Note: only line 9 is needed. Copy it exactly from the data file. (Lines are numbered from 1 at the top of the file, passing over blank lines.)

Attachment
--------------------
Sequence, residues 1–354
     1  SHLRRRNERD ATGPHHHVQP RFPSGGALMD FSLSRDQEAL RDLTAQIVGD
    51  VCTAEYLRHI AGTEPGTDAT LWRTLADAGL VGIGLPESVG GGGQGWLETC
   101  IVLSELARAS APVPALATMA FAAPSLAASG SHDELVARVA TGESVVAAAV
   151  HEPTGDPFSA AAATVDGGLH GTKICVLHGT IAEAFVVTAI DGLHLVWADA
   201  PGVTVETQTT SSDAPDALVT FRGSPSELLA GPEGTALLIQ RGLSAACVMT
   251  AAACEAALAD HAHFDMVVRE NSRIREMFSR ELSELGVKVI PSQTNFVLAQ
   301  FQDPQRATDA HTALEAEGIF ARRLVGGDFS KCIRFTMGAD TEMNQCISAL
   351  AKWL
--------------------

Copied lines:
   351  AKWL